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Oxfam: New edu policy 'laudable', set aside partisan politics, vested interests, apathy

By Our Representative
Even as welcoming the Government of India’s (GoI’s) National Education Policy (NEP), released on July 29, for reiterating GoI’s five decades old commitment to spend 6% of the Gross Domestic Product (GDP) on education and presenting a “more humanistic” vision of education with special emphasis on mother tongue, a high-profile NGO, Oxfam India, has objected to what it has called “subtle shift towards market-based approach towards education.”
Stating that there is a desire to move away from education as a government responsibility through concrete provisions such as Right to Education Act (RTE) 2009, a landmark legislation which guaranteed free and compulsory education for children between the age group 6-14, under Article 21A of the Indian Constitution, in a statement, Oxfam said, NEP “fails to mention governments’ specific commitments towards ramping up school infrastructure and resource allocation in line with RTE norms.”
Oxfam India CEO Amitabh Behar said, “We strongly welcome the focus back on questions of equity and quality in the NEP, particularly the recognition that without 6% GDP spend the education goals will remain hollow. However, the laudable objectives mentioned in the policy – increased GDP spend and focus on the mother tongue – must be implemented well and government needs to ensure they get translated into real action and not get shredded by partisan politics, vested interests, and bureaucratic apathy.”
Wanting the government to hold “honest and sincere dialogue with all stakeholders” and work out a concrete action plan to convert the policy into a reality, Oxfam, however, recalled that the NEP’s commitment to spend 6% of GDP on education is not new. It was first made by the Kothari Commission over 50 years ago and yet currently stands at 3.1% of the GDP, it added.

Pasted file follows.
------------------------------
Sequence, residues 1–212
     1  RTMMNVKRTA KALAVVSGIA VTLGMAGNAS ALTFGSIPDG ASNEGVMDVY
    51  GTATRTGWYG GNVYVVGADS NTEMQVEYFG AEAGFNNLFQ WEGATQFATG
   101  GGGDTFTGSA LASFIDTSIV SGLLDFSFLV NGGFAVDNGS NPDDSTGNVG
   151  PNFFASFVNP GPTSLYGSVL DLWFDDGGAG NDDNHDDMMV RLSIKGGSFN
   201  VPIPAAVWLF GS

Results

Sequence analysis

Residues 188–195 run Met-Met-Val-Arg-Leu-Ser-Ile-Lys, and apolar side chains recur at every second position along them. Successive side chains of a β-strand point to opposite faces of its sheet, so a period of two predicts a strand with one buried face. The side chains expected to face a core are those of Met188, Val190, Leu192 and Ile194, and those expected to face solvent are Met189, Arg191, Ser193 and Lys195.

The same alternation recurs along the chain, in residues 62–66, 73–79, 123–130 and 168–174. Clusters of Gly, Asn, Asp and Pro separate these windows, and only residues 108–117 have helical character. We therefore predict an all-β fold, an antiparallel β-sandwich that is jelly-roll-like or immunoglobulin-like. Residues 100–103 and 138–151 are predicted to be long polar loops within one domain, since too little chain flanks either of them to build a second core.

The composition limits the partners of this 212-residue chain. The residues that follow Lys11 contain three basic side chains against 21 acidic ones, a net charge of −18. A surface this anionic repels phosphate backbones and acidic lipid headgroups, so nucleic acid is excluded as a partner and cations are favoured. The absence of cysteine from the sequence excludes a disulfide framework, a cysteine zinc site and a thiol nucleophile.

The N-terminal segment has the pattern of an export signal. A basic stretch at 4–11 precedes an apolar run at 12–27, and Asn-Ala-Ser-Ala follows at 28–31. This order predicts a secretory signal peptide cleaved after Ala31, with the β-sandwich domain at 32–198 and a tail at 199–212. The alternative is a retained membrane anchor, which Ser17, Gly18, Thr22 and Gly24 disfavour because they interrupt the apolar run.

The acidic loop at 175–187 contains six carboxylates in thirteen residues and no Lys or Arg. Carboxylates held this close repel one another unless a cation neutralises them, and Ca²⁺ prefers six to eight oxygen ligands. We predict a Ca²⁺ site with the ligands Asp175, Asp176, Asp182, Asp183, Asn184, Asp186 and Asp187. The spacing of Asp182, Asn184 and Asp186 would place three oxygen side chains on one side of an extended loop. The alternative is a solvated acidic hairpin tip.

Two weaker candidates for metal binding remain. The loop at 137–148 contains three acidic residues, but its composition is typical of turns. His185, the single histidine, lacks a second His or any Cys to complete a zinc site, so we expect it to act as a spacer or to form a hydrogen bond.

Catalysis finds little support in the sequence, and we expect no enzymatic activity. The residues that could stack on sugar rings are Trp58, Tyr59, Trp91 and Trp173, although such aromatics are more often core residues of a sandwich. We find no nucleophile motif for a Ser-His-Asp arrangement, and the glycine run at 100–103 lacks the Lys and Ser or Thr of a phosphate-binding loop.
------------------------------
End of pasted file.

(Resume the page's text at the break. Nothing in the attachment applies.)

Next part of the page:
As a result of underspending, said Oxfam, only 13% of elementary schools comply with the national infrastructural norms laid under the RTE Act. If the policy is to be implemented, significant additional central investments are particularly needed for India’s educationally lagging and poor states with a high share of marginalized communities, it insisted.
If the policy is to be implemented, significant additional central investments are needed for India’s educationally lagging and poor states
It added, “This has been estimated by the National Institute of Public Finance and Policy (NIPFP) to be in the tune of 10% Gross State Domestic Product for Bihar, 3.2% in Jharkhand and 3% in Odisha, 1.9% in Chhattisgarh and 1.8% percent in UP.”
“The encouragement to philanthropic schools and public-private partnerships (PPPs) in the NEP has given green signal for opening of more private schools and increasing privatization. The provision risks further commercialising school education in India without strong evidence linking private schools with better education outcomes or a more equitable school system”, Oxfam said.
“India cannot hope to have an educational system that is second to none by 2040 without ensuring equitable funding for all of India’s public schools and ending regional disparities. Depending on private providers of school education will not help in addressing these disparities. India needs to commit to ensuring each government school is resourced to the level of the Kendriya Vidyalaya norms,” Anjela Taneja, Inequality Campaign lead at Oxfam India said.
Citing the Annual Status of Education Report (ASER) 2018, Oxfam said, 35% of rural private school students in grade 5 cannot read a basic grade 2 level paragraph. ASER 2019 data also show that private schools continue to be more inaccessible to girls than boys with 47.9% of boys attending private schools against 39% girls.
Considering the exclusion, profiteering and discrimination by private schools that continues even during the pandemic, a legally enforceable comprehensive regulatory and enforcement framework for private school is missing in NEP, it added.

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